Louisiana Sheriffs’ Pension and Relief Fund, et al. v. Merrill Lynch & Co., Inc., et al.
|Court:||United States District Court, Southern District of New York|
|Judge:||Hon. Jed S. Rakoff|
|Class Period:||11/ 1/2006 - 04/30/2008|
|Case Contacts:||Max W. Berger, Mark Lebovitch, Kurt Hunciker|
Securities class action filed on behalf of a class of persons and entities who purchased or otherwise acquired the debt securities and certain series of preferred stock (collectively, the “Bond Class Securities”) in or traceable to Merrill Lynch & Co., Inc.’s (“Merrill Lynch”) public offerings between November 2006 and April 2008 (the “Offerings Period”).
On October 3, 2008, BLB&G filed suit in New York State Supreme Court on behalf of plaintiffs, Louisiana Sheriffs’ Pension and Relief Fund and Louisiana Municipal Police Employees Retirement System, and all other purchasers or acquirers of the Bond Class Securities within the Offering Period. On October 22, 2008, defendant Merrill Lynch and four other defendants filed a notice of removal to the United States District Court for the Southern District of New York (the “Bond Action”).
On December 3, 2008, Judge Jed S. Rakoff ordered that the Bond Action be coordinated with In re Merrill Lynch & Co., Inc. Securities, Derivative and ERISA Litigation (No. 07-CV-9633-JSR-DFE) (the “Securities Action”). Under the order, BLB&G continues to represent plaintiffs in the Bond Action under the supervision of Co-Lead Counsel in the Securities Action, Kaplan Fox & Kilsheimer LLP and Berger & Montague, P.C.
The Complaint in the Bond Action asserts claims under the Securities Act of 1933 in connection with the public offerings of five series of Merrill Lynch preferred stock and twelve Merrill Lynch bond issues pursuant to false and misleading prospectuses and registration statements filed with the Securities & Exchange Commission (the “Offering Materials”). Specifically, the Complaint alleges that the Offering Materials contained untrue statements and omissions of material facts about Merrill Lynch’s financial condition and failed to disclose billions of dollars in exposure to CDOs and other mortgage-backed securities and auction rate securities. When the Company’s massive exposures were finally revealed, it caused material declines in the securities sold through the Offerings, thereby damaging Plaintiffs and the Class.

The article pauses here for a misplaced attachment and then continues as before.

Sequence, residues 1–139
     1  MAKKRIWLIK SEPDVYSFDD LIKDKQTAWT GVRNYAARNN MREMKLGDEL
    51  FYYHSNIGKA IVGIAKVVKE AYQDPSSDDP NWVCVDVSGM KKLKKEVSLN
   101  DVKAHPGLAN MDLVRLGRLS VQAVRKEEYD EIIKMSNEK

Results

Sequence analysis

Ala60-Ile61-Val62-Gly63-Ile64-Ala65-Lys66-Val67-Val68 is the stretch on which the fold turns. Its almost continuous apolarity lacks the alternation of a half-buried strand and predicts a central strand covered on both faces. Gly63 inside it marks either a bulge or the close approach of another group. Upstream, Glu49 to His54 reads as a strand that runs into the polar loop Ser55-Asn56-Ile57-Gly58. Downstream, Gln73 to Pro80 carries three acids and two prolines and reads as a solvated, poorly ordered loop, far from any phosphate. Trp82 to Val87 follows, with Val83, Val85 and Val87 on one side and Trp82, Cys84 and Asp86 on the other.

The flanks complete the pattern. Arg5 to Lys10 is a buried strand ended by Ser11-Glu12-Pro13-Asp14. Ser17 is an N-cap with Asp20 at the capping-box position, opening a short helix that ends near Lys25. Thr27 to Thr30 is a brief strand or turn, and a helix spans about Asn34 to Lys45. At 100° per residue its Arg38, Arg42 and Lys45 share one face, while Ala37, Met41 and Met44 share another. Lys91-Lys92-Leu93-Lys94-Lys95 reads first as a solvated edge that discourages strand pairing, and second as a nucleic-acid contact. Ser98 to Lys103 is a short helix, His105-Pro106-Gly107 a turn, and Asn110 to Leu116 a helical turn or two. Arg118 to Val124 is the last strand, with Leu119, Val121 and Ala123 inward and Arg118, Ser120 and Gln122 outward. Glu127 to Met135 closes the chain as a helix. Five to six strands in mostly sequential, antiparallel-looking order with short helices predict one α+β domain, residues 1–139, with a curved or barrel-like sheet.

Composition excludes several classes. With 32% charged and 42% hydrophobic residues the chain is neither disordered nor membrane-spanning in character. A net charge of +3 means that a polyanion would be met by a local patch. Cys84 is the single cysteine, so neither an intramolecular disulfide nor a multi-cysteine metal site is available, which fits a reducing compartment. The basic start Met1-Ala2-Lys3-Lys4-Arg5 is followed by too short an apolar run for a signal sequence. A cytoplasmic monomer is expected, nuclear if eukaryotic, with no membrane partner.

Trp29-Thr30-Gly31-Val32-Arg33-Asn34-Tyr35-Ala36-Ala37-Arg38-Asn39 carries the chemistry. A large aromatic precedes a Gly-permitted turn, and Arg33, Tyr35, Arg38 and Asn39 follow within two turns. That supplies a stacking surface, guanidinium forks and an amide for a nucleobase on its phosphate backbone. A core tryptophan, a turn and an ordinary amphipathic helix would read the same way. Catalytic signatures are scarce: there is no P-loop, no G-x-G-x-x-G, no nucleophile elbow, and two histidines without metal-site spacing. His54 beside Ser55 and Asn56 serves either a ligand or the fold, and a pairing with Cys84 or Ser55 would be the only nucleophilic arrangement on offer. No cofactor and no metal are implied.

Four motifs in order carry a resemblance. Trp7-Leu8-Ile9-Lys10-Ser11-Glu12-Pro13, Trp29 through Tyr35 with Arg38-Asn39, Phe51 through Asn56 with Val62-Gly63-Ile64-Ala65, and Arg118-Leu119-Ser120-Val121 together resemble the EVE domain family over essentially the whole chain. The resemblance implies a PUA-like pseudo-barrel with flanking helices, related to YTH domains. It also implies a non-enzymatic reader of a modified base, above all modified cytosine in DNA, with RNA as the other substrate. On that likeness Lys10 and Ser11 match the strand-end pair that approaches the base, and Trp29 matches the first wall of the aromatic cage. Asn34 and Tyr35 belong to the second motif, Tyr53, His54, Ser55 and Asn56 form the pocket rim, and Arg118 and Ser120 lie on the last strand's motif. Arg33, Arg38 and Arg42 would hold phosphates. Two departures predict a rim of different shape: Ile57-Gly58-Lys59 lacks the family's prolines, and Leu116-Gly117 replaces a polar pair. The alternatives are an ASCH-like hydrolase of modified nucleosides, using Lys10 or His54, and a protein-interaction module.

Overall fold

Even after Merrill Lynch began to acknowledge some of its exposure to toxic mortgage-backed securities in 2007, it continued to misrepresent their value and their impact on the Company’s capitalization. In reality, the exposures were so large that they undermined Merrill Lynch’s ability to continue as an independent Wall Street bank, and ultimately resulted in the January 2009 acquisition of Merrill Lynch by Bank of America, N.A. Merrill Lynch’s exposure to mortgage-backed securities was so enormous that it poisoned what had previously been one of the nation’s largest and most stable banks, forcing the United States Government to bail out Bank of America with an infusion of $138 billion.
On August 12, 2009, the parties entered into a Stipulation and Settlement Agreement proposing a $150 million settlement to resolve all of Plaintiffs’ claims. This agreement is subject to review under Rule 23 of the Federal Rules of Civil Procedure. On August 24, 2009, the Court entered an order preliminarily approving the settlement and providing for notice to the Class. On November 23, 2009, the Court approved the settlement and plan of allocation.